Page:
What Frederick Wiseman is doing barely constitutes as documentary filmmaking anymore — there are no talking heads, no narration, all sound is diegetic, and only barebones context is provided. His camera seems to observe interactions between people instead of instigating them, and while that commitment to realism is an admirable one, it’s also inherently flawed: We never can be sure that the people on camera would act the same without a camera present. Thankfully, this doesn’t lessen the intensity, the near hypnotic power, of watching patrons at Richard Lord’s Boxing Gym partake in their physical routines. Newbies to the gym are instructed to bounce a sledgehammer against a rubber tire (a means of finding a comfortable rhythm for them, but also a tempo-setter for us), while more accomplished athletes spar with each other inside the ring, and bodies of all builds and experience test their limits and work to surpass them.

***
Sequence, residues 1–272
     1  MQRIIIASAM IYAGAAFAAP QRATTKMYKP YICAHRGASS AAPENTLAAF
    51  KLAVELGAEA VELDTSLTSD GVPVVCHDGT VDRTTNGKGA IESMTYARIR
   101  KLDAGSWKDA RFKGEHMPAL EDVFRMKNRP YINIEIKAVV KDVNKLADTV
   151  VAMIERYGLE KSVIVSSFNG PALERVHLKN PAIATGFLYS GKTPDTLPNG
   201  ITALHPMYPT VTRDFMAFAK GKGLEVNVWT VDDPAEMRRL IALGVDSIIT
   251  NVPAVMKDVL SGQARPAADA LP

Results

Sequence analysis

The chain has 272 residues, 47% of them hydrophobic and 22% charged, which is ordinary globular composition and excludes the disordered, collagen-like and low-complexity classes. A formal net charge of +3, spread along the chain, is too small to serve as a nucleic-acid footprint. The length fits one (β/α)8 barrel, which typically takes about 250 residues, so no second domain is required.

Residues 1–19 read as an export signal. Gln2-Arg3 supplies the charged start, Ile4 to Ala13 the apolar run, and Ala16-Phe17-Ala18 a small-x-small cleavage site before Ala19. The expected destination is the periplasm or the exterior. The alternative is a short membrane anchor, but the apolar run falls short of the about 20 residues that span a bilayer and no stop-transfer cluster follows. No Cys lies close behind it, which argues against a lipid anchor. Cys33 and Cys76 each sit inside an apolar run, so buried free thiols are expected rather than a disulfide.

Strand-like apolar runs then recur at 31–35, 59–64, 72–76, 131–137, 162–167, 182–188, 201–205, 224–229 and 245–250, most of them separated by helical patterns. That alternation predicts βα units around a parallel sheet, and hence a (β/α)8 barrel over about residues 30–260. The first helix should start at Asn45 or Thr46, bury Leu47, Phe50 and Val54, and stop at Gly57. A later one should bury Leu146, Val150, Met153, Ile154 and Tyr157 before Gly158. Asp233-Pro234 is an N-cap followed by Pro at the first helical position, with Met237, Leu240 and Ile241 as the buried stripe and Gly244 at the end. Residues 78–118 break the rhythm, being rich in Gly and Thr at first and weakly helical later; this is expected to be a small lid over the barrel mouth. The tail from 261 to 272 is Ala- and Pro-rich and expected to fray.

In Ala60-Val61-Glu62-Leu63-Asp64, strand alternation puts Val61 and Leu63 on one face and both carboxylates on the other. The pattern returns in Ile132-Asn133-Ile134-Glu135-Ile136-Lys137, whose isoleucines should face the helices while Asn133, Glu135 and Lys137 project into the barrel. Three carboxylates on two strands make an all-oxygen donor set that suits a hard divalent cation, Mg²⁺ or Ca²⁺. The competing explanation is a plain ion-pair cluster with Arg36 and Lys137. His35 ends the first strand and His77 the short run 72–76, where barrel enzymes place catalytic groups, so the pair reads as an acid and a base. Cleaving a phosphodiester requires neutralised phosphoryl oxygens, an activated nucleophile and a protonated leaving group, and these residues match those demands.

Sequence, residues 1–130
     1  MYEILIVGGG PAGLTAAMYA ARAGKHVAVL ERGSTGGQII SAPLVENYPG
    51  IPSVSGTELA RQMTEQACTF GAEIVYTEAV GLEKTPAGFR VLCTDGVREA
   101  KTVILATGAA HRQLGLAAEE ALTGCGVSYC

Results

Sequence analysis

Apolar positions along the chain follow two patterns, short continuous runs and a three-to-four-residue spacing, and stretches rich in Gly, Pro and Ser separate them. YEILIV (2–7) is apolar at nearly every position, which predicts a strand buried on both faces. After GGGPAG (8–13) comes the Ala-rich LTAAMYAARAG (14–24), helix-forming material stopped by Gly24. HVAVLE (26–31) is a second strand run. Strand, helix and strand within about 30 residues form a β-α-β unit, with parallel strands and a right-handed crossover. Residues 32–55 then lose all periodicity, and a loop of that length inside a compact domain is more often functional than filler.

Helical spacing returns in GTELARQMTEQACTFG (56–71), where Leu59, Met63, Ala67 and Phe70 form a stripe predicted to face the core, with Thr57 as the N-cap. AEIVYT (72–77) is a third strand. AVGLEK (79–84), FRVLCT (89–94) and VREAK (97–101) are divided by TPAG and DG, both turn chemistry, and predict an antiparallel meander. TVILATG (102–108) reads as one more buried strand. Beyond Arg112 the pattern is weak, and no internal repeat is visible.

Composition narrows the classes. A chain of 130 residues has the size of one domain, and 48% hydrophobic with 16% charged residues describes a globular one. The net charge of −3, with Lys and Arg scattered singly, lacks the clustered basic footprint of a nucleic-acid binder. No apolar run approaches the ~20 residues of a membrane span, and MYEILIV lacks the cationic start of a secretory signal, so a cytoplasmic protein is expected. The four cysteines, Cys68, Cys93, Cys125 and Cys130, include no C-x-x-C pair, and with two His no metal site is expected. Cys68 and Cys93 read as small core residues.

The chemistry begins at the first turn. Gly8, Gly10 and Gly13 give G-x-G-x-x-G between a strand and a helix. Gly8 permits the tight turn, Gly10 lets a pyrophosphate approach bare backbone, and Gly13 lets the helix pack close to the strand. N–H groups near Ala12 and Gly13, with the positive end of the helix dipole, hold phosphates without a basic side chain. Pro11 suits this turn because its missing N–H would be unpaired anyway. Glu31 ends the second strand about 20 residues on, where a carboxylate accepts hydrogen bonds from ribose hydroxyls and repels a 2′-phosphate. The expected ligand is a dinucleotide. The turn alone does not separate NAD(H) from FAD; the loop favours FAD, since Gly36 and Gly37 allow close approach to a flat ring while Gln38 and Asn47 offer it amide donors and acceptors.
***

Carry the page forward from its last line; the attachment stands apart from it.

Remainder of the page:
The pleasures of Boxing Gym are almost entirely elemental; repetition becomes ritual, representing human resilience, body, and soul. Boxing Gym‘s greatest failing is that most are more familiar with the atmosphere of a gym than, say, the interiors of a ballet school, as chronicled in Wiseman’s previous film, La Danse. Thankfully, Wiseman’s latest is half the length of that three-hour document, but it still doesn’t offer much in the way of insight beyond such startling truths as “Hey, just ’cause they all throw punches ‘n stuff doesn’t mean they’re, y’know, actually violent.” In other words, if you go to a gym yourself there’s really nothing new here. As a friend suggested to me just before the film, “It’s Wiseman. You know exactly what you’re in for.” While efficiently engaging and even memorable, it’s tough to deny that the film in my head before seeing Boxing Gym is nearly identical to the one in there now.